This All-Black Female American Airlines Crew Took Flight in Honor of an Aviation Icon — Here's Her Story

The life and legacy of Bessie Coleman.

American Airlines pilots

In August, an American Airlines plane flew from Dallas–Fort Worth to Phoenix, but it was no ordinary flight. The 36 staff members on duty — from the crew, to the cargo team, to the gate agents — were all Black women honoring an icon in aviation.

Flight AA 372 celebrated Bessie Coleman, the first Black woman to receive a pilot's license. Born in Texas in 1892, Coleman was an apt math student who studied at the Colored Agricultural and Normal University in Langston, Okla. before her funds ran out. Coleman then moved to Chicago at age 23 to work as a manicurist for several years. However, after learning of female French pilots from her brother, a World War I veteran, she decided she, too, wanted to fly, but both women and Black people were not allowed to attend flight school in the United States.

Bessie Coleman
Bessie Coleman, circa 1920.

Michael Ochs Archives/Getty Images

Undeterred, Coleman learned French and moved to France, where she enrolled in the Caudron Brothers School of Aviation. She was granted her pilot's license on June 25, 1921, and returned to the United States, where she built a career as a barnstormer, or stunt pilot. 

"She was very determined. There was no stopping her," Beth Powell, the captain of the historic American Airlines flight told Travel + Leisure.

Born and raised in a rural town in Jamaica, Powell, like Coleman, was a strong math student, recalling when a high school told her she had the potential to become a pilot, engineer, or mechanic.

"I think that's the best thing that ever happened in my entire life," she said. "I'm happy the teacher said pilot first because I forgot everything else!"

American Airlines flight crew posing together

Courtesy of American Airlines

American airlines flight

Courtesy of American Airlines

Powell then researched local flight schools, and attended Wings Jamaica. She eventually continued her aviation education at FlightSafety in Vero Beach, Fla.

But throughout her schooling, Coleman's story wasn't told.

"I would have loved to [have heard] her story from back then, because she was somebody who we all became," Powell said. "And it would have given us more inspiration, it would have given us more hope back then."

Cue the mission of the Bessie Coleman Aviation All-Stars, an organization run by Coleman's great-niece, Gigi Coleman (who was also on board AA 372). Besides sharing Coleman's story — and the stories of other aviation icons — the organization also offers STEM programming to introduce students to aeronautics and careers in aviation. For the 100th anniversary of Coleman's licensing, the organization put together a tour, the culmination of which was this flight.

"What this flight did is [it] changed America," Dr. Sheila L. Chamberlain, the national chair of the Bessie Coleman Aviation All-Stars, said. "Because all these little girls who look like me, they saw someone like them pushing the aircraft. They saw a female that looks like them putting the baggage in, they saw someone ticket-taking. All Black!"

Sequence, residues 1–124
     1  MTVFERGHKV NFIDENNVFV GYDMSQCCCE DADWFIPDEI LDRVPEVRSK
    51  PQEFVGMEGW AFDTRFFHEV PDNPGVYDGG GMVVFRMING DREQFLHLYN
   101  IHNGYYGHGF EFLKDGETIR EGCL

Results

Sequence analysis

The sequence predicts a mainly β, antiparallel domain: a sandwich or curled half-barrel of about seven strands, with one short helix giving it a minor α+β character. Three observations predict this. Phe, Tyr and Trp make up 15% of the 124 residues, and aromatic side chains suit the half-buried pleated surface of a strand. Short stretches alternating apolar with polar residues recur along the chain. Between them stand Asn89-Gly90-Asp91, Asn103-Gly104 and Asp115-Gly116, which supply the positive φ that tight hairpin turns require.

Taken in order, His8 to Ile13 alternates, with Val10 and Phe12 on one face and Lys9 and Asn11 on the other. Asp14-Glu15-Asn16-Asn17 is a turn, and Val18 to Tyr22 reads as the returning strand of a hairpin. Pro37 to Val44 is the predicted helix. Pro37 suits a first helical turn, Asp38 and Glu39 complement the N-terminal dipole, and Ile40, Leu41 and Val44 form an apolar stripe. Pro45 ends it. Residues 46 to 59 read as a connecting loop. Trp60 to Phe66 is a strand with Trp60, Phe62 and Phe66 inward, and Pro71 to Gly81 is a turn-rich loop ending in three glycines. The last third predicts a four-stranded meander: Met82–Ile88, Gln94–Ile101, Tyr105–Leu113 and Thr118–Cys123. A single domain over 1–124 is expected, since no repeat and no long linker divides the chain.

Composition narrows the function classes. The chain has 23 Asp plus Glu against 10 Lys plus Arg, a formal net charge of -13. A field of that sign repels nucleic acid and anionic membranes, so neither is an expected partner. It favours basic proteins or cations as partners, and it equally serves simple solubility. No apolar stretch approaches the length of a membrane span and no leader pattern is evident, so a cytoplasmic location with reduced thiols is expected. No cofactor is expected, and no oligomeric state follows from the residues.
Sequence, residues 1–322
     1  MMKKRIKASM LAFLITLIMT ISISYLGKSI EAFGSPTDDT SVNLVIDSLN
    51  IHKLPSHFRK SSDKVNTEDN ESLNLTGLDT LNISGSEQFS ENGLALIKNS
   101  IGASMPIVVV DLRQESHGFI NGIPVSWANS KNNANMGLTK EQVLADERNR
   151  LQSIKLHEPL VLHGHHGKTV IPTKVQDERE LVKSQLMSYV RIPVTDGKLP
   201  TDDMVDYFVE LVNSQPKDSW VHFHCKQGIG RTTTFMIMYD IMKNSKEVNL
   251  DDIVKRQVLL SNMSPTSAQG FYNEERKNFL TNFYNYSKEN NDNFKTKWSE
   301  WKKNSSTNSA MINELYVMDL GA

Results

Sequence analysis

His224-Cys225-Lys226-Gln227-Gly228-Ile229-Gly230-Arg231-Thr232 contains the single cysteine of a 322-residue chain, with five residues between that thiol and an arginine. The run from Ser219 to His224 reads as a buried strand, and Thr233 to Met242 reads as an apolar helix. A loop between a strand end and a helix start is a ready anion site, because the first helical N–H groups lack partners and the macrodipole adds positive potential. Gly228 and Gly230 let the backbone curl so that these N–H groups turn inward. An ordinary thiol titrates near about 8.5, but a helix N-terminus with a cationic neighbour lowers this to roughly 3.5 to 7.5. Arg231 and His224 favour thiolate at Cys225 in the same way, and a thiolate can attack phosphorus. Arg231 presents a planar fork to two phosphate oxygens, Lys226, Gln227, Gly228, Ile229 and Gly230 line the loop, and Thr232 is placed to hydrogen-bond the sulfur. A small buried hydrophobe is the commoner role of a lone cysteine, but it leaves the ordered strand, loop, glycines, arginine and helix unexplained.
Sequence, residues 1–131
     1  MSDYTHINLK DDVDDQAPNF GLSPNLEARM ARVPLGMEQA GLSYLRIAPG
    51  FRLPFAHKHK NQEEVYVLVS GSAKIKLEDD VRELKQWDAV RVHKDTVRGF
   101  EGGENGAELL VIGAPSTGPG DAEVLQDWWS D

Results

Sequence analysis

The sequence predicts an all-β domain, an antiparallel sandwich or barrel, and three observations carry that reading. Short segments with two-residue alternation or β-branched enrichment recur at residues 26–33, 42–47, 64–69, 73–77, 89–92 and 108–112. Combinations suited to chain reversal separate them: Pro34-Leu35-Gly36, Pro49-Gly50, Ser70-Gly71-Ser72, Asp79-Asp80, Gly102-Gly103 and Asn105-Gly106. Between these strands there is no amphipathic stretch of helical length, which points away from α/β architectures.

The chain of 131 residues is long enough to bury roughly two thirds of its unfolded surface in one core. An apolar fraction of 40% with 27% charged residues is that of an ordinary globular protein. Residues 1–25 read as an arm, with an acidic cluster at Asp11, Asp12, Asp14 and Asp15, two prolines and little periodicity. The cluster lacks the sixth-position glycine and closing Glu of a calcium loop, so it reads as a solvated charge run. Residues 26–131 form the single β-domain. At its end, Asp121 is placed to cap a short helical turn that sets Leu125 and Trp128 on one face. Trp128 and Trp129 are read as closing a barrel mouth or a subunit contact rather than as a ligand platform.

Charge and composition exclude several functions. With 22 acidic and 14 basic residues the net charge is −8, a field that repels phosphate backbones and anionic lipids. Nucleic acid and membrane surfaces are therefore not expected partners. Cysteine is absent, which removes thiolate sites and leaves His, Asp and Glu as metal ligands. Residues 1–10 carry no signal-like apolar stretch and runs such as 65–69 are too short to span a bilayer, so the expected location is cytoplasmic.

Chamberlain herself is an aviation pioneer, becoming the first Black female combat intelligence aviator in the U.S. Army in 1985. She grew up surrounded by aviation as her father served as a combat engineer in the U.S. Army and her cousin was an original member of the Tuskegee Airmen. During her flight school training, she was mentored by another aviation icon, Willa Brown Chappell, the first Black woman to receive a pilot's license in the U.S.

While such women as Coleman, Chappell, Chamberlain, and Powell have paved the way for Black women — and all women of color — to pursue careers in aviation, the industry still has a long way to go in terms of diversity.

According to American Airlines, Black women represent less than 1% of commercial pilots in the U.S., which why visibility, as manifested in the Bessie Coleman celebration flight, is so important to inspire the next generation, Chamberlain emphasized.

"If they see it, they can believe it," she said. 

Five women in neon AA vests and one in a blazer stand together in an airport

For those aspiring to work in an industry with limited representation, Chamberlain noted that building a network of role models can help navigate challenges.

"Seek people out who've already done it," she advised, pointing to organizations like Sisters of the Skies, the Organization of Black Aerospace Professionals (OBAP), and the OBAP's Luke Weathers Flight Academy as resources for young people interested in aviation and aerospace.

Additionally, Powell encourages young people to discover who they are and what they like, then lean into their passions to achieve their dreams.

"It's important to do whatever you're passionate about because the passion will propel you through those challenging times," Powell said. "Like Bessie Coleman believed, there is no 'no.' The limit is only what you place on yourself — and the sky's no longer the limit. It is home."

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